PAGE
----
There were a few highlights today for me. One was bottle brush grass. I’ve never noticed this one before.

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Another was Knapweed – hey a weed named after my family!

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Knapweed

Here’s some of the other plants Miles noted on the walk. Each of these is captioned.

 

 

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The Secret Gardens of Milton

We trundled off to the town of Milton for the afternoon today for the Secret Gardens of Milton garden tour. This tour is organized by the Milton & District Horticultural Society and features 8 gardens. For those not from these parts, Milton is a town just NW of Toronto.

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Sean James created this clever rainwater system in his Milton garden

They published a very professional booklet – each booklet was a ticket. The cost for this tour was $15 per person. It featured 5 gardens in town and 3 in the country, and there was quite a range of garden ideas at work. Some of the proceeds from this tour will go twards a “Serenity Garden” at the Milton District Hospital, as well as supporting other activities of the non-profit Horticultural Society.

Here’s a collage of photos we snapped in the gardens.

 

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Special Sauce

I posted a photo of this painting back in December, but I just added it to my “Paintings” page, with an improved photo, so I thought I’d feature it again here.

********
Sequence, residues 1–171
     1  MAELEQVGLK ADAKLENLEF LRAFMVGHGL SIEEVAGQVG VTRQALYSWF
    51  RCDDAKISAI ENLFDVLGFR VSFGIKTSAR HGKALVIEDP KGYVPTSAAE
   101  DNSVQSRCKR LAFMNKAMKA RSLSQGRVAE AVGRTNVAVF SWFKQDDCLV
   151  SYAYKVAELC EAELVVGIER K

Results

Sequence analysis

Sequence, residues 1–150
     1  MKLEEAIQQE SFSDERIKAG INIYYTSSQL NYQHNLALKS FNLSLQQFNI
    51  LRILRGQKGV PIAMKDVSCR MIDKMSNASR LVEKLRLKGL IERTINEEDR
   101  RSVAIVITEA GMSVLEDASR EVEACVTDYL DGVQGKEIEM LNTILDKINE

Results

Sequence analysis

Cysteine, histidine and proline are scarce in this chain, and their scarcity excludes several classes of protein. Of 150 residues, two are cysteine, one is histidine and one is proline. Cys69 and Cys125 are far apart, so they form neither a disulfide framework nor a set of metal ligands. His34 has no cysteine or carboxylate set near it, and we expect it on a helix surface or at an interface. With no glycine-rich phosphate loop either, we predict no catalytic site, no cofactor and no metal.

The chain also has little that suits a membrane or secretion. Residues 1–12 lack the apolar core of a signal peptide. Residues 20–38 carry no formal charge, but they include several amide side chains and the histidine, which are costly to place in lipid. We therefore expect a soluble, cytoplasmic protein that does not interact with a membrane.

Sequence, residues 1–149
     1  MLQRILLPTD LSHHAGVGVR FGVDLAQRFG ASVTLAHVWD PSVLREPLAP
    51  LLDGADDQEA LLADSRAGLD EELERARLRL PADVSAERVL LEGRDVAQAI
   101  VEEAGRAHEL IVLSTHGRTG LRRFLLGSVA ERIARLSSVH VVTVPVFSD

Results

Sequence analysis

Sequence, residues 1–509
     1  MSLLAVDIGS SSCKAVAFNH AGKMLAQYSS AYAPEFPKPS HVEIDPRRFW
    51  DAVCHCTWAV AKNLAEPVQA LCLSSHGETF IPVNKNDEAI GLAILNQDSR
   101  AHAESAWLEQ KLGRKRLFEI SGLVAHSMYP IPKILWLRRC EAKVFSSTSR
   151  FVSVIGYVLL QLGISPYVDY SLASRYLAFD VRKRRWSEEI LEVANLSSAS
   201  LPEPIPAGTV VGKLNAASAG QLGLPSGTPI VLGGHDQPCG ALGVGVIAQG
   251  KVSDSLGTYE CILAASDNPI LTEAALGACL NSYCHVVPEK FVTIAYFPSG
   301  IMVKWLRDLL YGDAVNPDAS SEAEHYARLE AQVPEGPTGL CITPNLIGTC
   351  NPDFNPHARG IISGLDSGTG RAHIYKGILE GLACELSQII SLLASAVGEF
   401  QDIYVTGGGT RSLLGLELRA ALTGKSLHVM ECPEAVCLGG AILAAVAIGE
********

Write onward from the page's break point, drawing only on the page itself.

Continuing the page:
This painting goes back to the early 90s. It’s acrylic on canvas and I think it’s about 54 inches square. I made this painting after a couple weeks fly fishing for trout in Idaho, Wyoming and Yellowstone with my friend East Texas Red. There was a time we traveled to the mountain west pretty much each September in pursuit of trout, and usually I came back refreshed and ready to get back to work in the studio.

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After this particular trip I made two good-sized paintings with the intention of working on a new series. I was going to call it West. Something or another – I don’t recall just what – interrupted my continuity after two paintings and that was the end of the series. I didn’t exhibit either painting at the time, but I think it was only because my direction had shifted. Both paintings survived the various purges and iffy storage situations my work has been subjected to over the years, though, and this one hangs in our home. I’m sure any readers who have lived in the mountain west will know what the title refers to.

 

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The Bottle & Can Concerto

Between October 2015 and March 2017, I wrote a series of very short stories I called the Lazy Allen Stories. I posted them them to a blog site and made them available for anyone who wanted to read them, a small crowd as it turned out. Over the past year, they’ve mostly been gathering dust over there. Still, looking back at the stories as a group, I’m pleased with them. I think some are better than others, and as short as they are, a few would benefit from some tighter editing.